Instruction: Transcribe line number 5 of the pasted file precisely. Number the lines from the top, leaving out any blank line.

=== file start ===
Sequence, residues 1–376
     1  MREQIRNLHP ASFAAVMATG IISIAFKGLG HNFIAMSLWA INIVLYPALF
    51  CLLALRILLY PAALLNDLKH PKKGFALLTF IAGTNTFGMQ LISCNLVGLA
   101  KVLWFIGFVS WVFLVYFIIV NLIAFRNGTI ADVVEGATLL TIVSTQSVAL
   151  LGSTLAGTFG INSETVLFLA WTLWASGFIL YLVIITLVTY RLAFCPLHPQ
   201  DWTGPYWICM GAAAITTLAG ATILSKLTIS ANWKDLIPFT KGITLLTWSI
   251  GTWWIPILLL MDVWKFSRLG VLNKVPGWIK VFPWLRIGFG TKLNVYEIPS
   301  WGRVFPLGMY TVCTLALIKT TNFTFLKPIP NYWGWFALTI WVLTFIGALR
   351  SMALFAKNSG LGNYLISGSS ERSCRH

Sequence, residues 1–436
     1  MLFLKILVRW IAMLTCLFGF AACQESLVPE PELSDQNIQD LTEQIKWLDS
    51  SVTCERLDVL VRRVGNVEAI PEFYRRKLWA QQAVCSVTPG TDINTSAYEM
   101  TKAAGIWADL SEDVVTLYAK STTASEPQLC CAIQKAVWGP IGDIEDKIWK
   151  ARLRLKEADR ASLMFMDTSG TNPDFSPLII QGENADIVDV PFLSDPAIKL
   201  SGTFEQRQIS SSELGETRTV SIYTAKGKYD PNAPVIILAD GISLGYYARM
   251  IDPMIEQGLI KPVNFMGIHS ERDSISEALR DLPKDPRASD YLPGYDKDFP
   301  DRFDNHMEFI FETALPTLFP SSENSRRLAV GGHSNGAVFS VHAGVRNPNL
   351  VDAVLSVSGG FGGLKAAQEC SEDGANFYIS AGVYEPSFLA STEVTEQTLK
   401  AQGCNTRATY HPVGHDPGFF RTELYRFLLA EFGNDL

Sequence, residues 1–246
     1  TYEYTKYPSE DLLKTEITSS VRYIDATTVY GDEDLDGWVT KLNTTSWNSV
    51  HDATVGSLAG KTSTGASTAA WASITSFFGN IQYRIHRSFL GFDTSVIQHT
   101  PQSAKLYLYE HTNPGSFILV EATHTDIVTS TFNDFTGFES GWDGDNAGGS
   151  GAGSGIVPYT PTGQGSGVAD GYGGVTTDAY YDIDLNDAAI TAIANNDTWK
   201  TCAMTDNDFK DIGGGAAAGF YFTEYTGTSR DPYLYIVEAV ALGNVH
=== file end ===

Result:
   151  LGSTLAGTFG INSETVLFLA WTLWASGFIL YLVIITLVTY RLAFCPLHPQ